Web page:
Hello and welcome to the first part of tutorial on Sketchup. My name is Alireza and I’ll be your host to walk you through the tutorial of Sketchup program.
This is the first part of our step-by-step tutorial. If you are new to Sketchup, it is necessary that I first give a concise explanation of graphic design programs, their difference and similarities and then I’ll dive into the features of Sketchup along with other basic information you’ll need to start working with this amazing piece of software.
What is a 3D modelling software
Now what if I you want to build a 3D shape or structure which needs another dimension called height? Well, in that case, none of the aforementioned programs are going to be of any use. In order to create a 3D structure, for instance a building, you’ll need a program which has a three dimensional space to allows you to create “volume” to a 2D drawing.
The most important examples of this kind of software out there are 3D Studio Max, Maya, SolidWorks, Cinema 4D. These are very complex and expensive 3D programs that you can find on the market but the program you’re here for, Sketchup, is both simple to learn, easy to work with and more importantly, it’s free! Obviously, there’s a Pro version of Sketchup which costs a bit of money but the free version gives you almost everything you need to create the most complex structures.
Why did we need another 3D modelling program
Now, you might say, with all that fancy software mentioned above, why did we need to invent another 3D program in the first place? The artists and computer engineers saw the demand for a new 3D modelling program capable of modelling 3D structure with the utmost feel and freedom as to work with a pencil and paper.
It was almost the year 2000 that the original creator of Sketchup, called @Last (which was acquired by Google in 2006) announced a new program that is very lightweight, not expensive, and also capable of creating simple-to-complex 2D and 3D shapes very easily without engaging a lot of computer resources like all those sophisticated software above.
Well, this was the birthday of Sketchp. Although another company called Trimble, continues the development of Sketchup but the whole idea behind the purpose and the functionality of Sketchup remaines the same.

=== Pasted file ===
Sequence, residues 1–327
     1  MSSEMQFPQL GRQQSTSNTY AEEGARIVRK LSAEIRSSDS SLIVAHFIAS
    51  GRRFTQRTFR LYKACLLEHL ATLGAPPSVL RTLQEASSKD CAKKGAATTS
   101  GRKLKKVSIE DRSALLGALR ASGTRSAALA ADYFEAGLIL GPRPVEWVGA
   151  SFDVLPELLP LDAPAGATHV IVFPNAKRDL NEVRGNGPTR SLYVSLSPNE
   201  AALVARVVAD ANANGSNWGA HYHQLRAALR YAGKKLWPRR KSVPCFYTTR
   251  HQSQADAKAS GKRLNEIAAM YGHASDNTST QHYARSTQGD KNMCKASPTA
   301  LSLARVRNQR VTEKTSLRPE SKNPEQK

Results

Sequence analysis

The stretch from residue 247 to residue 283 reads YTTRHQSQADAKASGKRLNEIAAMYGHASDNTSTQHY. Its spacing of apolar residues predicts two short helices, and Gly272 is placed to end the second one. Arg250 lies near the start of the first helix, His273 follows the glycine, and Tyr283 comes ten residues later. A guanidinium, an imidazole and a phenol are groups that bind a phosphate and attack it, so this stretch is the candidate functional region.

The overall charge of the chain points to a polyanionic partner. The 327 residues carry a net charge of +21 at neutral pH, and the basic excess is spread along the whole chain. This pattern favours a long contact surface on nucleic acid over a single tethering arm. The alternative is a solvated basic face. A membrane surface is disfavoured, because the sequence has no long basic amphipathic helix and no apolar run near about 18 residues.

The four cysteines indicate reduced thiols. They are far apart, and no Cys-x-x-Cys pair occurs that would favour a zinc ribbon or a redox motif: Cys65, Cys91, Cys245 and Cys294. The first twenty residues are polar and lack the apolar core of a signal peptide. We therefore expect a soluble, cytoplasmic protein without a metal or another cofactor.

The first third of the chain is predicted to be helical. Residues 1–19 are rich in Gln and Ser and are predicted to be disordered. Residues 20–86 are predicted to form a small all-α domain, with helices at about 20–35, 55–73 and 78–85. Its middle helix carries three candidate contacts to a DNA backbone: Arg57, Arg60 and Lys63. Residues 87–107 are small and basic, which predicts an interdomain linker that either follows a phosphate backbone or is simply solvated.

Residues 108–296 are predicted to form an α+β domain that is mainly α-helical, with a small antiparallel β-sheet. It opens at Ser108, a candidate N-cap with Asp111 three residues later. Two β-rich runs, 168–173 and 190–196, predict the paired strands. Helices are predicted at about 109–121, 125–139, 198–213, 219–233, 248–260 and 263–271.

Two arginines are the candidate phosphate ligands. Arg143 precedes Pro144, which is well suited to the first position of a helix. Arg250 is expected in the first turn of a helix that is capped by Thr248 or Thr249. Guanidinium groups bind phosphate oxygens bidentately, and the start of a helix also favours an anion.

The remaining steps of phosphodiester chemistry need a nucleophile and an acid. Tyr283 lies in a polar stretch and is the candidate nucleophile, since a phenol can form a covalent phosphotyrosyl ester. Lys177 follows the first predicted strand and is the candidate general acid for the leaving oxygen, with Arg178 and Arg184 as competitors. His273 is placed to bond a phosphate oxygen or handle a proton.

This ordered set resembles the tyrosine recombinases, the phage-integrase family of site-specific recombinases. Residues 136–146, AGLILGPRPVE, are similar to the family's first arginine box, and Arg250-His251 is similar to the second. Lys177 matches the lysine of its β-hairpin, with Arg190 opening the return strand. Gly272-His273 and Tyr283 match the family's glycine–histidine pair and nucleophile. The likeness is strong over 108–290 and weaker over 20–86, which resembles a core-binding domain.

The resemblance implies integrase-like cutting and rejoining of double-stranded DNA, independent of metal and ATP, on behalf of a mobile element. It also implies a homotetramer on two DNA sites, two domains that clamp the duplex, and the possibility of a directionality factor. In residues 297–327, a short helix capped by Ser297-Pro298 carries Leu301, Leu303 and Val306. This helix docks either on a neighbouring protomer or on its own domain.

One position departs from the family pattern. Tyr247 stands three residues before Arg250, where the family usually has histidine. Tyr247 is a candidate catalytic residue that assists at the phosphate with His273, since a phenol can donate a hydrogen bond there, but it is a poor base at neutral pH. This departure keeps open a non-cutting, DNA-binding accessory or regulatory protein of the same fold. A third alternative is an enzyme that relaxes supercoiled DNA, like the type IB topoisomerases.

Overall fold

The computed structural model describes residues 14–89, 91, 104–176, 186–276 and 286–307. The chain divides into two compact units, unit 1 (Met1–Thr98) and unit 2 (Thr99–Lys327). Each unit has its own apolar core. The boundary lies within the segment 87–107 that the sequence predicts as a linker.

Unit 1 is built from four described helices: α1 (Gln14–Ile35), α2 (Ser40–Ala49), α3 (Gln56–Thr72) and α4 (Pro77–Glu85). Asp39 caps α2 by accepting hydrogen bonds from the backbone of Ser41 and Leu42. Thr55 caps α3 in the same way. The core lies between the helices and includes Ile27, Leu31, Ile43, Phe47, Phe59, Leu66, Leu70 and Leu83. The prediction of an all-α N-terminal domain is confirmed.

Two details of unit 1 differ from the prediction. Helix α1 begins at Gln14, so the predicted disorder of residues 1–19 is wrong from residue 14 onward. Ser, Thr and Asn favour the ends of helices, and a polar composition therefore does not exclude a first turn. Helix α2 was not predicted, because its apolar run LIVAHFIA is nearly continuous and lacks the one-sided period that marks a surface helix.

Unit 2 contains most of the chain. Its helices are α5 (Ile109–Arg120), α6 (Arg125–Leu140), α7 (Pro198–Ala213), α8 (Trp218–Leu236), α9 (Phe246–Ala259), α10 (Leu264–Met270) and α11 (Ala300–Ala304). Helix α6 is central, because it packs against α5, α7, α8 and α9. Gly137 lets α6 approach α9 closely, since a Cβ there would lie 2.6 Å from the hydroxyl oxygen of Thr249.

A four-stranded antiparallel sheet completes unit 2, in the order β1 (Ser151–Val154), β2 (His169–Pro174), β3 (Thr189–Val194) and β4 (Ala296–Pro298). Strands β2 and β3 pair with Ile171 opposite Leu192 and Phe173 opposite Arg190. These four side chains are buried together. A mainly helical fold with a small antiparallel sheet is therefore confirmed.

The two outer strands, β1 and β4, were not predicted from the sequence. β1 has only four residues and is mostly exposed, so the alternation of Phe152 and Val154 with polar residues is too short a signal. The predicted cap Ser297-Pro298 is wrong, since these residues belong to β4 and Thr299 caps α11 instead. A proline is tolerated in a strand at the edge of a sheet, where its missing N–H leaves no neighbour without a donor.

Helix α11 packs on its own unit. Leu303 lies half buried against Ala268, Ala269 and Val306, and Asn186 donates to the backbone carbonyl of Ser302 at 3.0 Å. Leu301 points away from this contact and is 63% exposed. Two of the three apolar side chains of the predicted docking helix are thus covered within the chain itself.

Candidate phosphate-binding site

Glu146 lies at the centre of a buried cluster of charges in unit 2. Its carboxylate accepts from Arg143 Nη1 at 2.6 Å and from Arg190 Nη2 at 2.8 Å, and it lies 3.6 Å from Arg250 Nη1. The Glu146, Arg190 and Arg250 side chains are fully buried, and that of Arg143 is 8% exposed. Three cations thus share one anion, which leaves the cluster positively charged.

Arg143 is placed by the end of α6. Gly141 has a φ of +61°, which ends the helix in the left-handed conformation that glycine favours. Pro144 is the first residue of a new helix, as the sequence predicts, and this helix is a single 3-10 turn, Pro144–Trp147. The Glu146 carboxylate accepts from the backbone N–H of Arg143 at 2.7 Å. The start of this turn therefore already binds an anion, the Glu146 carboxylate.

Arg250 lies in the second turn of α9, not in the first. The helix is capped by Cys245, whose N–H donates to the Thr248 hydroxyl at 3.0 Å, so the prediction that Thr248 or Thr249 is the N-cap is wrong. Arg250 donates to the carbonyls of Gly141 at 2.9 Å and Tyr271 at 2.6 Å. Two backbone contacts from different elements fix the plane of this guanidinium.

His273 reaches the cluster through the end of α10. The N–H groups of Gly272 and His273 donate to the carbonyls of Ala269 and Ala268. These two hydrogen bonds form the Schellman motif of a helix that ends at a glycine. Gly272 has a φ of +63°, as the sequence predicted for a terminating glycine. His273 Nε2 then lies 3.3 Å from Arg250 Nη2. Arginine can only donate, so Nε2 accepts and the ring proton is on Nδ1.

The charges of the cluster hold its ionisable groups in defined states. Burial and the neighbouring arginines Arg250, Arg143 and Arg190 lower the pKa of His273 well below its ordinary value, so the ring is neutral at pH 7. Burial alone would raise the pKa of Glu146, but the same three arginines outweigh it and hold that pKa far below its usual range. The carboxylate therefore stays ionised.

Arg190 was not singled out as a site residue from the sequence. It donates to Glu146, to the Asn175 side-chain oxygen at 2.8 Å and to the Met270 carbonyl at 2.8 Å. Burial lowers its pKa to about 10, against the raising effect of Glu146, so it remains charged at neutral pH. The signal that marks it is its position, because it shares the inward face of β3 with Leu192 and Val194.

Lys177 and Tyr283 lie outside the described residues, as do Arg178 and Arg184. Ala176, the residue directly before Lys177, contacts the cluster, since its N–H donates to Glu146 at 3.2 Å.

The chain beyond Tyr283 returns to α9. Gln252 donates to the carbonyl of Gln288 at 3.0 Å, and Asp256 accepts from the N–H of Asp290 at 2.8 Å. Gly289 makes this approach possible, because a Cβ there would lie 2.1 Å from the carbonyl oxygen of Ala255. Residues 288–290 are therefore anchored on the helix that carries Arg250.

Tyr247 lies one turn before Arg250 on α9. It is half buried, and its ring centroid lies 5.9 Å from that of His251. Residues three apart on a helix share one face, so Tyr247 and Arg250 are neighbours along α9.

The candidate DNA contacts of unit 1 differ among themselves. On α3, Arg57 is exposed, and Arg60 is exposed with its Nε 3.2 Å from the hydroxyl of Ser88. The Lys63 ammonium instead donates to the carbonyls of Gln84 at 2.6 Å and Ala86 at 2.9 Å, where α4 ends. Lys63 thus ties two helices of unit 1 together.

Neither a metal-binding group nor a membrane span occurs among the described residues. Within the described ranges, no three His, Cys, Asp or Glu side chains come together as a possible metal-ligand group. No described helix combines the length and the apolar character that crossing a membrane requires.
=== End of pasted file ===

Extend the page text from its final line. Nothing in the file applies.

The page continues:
- It’s very easy to learn and to work with.
- The user interface is highly customizable.
- Uses least amount of memory and processor of your computer.
- The possibility of adding thousands of third-party plugins and extension which extends the capability of Sketchup even more.
Right off the bat, let me tell you that our tutorial will be for Microsoft Windows platform. So if you’re on a Mac, you don’t need to panic because almost 95% of the menu items and tools are similar on both platforms. Now for the start, you can go ahead and download a free version of Sketchup for free by clicking on the following link:
The installation is as simple as any other windows program. After installation is complete, you’ll face the following simple interface as you run the program:
Now by default, you see the welcome screen which has three drop-down lists. Choose the arrow next to the third one which says “templates”. By the way, you can do the same by clicking on “choose template” on upper right side of the welcome screen.
Choose “Architectural design – Centimeters” because we’re going to go forward with this template during the tutorials. Keep in mind that a template is simply a set of colors, settings and also different measurement units that are going to make the task of designing easier for you.
Now click “start using Sketchup” at the bottom right corner of the welcome screen to enter Sketchup’s design environment.
Under the menu, you see the “getting started” toolbar. Sketchup calls this “Getting started” because it contains the most basic drawing and editing tools you’re going to need as well as the measurement tools. I’ve to mention some of the tools are missing in this toolbar, because as I said it’s the basic toolbar. If by chance you don’t see this toolbar, just do the following:
- Click “view” under menus up top and then click the first item which says “toolbars”
- A new window opens up that with a lot of items and checkboxes inside.
- Activate the “Getting started” checkbox by selecting its checkbox
- Click OK to close the window.
But for the sake of this tutorial, we’re going to use another toolbar instead of this one which already has every tool that “getting started” offers, plus additional tools that “Getting started” toolbar misses. We’re going to need them during the tutorials. So, before going forward, let’s activate that.
- Click “view” from the menus and choose “Toolbars” to open the dialogue box.
- Deselect the “Getting started” checkbox and activate “Large Tool Set”.
- Click OK to apply the changes and close the dialogue box.
This tool set is more complete than the Getting Started toolbar and we’re going to explain and use this one.
A shortcut to avoid going through the previous steps to activate and de-activate toolbars is to right click on any toolbar and from the drop-down menu, you can activate or deactivate any toolbar you want by just clicking on it.
In the next part of this tutorial, “Getting started with design environment” I’ll start explaining the tools and their functionality as well as how to start creating 2D and 3D structures.